Respect and Aromatherapy Responsibly
Respecting aromatherapy and essential oil safety is imperative. As with anything you use, educate yourself about what you are using, why you are using it, how to properly use it for what you need and when to use it. With so many companies and brands in the marketplace nowadays, its hard to distinguish what is real from what’s synthetic, half synthetic or genetically modified. In addition to these quality conundrums, safety is also a big concern, as many people who have not received formal aromatherapy training may not be aware that there are numerous concerns, precautions and contraindications to know before you use. Aromatherapy is amazing and a powerful tool to help balance our mind, mood, emotions and physicality. However, as a clinical aromatherapists for over 20 years, I ask that you please be responsible…aromatherapy responsible.
Essential oils can be up to 100 times more potent than its herbal counterpart, thus, much respect should be given and exercised. An important part of every class and course we teach, and during each consult we offer, we train our students and clients to use their scentillect™. Knowing what you need, is half of the equation. The other half is cross-referencing contraindications, allergies, sensitivities, health and skin integrity, age and precautions with precautions with the each essential oil and botanical ingredients you are using.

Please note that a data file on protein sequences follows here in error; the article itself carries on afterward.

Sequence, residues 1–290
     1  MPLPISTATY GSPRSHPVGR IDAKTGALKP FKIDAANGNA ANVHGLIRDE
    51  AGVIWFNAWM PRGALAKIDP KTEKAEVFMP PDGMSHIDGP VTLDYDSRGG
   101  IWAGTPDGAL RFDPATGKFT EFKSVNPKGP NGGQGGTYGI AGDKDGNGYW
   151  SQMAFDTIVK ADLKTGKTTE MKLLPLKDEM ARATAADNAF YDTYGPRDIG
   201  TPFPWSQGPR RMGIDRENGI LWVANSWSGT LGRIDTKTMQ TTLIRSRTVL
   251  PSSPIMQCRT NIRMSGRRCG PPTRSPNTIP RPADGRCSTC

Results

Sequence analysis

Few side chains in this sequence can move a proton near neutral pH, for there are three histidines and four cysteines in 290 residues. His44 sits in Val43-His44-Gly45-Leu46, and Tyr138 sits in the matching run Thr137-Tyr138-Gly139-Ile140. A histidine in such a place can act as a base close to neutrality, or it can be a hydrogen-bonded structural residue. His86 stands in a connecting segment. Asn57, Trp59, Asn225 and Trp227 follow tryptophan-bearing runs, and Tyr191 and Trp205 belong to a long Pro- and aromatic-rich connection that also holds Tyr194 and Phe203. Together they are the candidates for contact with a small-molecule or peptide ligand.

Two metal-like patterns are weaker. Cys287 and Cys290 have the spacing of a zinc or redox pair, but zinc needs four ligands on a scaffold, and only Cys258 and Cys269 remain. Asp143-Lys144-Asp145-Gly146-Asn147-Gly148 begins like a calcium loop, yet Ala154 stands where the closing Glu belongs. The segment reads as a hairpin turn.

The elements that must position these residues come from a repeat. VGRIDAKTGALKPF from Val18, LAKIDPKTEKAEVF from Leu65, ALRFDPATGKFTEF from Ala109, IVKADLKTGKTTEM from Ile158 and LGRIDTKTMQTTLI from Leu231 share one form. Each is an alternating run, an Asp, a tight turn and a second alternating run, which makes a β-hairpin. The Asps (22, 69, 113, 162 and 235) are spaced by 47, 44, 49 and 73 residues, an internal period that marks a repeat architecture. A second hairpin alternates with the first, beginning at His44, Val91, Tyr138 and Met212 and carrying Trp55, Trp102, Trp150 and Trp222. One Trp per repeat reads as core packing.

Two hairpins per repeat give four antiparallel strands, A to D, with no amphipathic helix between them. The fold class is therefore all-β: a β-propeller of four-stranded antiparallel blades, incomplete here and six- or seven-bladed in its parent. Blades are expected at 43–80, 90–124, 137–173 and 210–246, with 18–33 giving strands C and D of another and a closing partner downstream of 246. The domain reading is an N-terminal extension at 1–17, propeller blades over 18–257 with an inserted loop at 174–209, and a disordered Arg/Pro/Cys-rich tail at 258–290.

For me personally and professionally in my phyto-aromatherapy business, I have adopted the safety guidelines presented by the National Association of Holistic Aromatherapy. To share some of the most important with you, I’ve included the list with some additional safety tips and added thoughts. You can see the full list at https://naha.org/explore-aromatherapy/safety.
- Be responsible and educated.
- Keep essential oils out of the reach of children, pets and those with dementia, Alzheimer’s and other cognitive impairments.
- Essential oils are fat soluble, not water soluble. Therefore, the best way to use them is to dilute in a fat-based carrier or emulsifier such as coconut or olive oil. Some people are using essential oils neat (undiluted) and may not have experienced an issue, that they know of. Others, may develop a skin irritation, body system imbalances and/or more serious allergies and sensitization.
- Keep a carrier close by when blending or using essential oils on the skin. If there is an irritation or if it splashes into your eyes, dilute in a fat-soluble base such as olive (or other vegetable) oil, Vegenaise™, milk form or avocado. Do not flush it out with water, as this can make it worse.
- Use caution and avoid certain essential oils with those having a serious health condition such as heart disease or epilepsy. Refer to the Safety Data Sheet or Contraindication list (check out our Holistic Aromatherapy Comprehensive Guide for a more detailed list).
- Use caution with dilution ratios, frequency of use and duration of use with respiratory distress and asthma. Essential oils that are stimulants and have drying effect such as eucalyptus, mints, pine, oregano and fir, can cause spasming of the membranes when used improperly.
- Use caution with highly skin irritant essential oils such as cinnamon, clove, oregano and thyme.
- Use caution with essential oil exposure during pregnancy, especially in the first trimester and in high-risk pregnancies. Make sure you are educated in the oils you are using, their properties, chemistry and contraindications. Avoid anti-galactagogues while breast-feeding.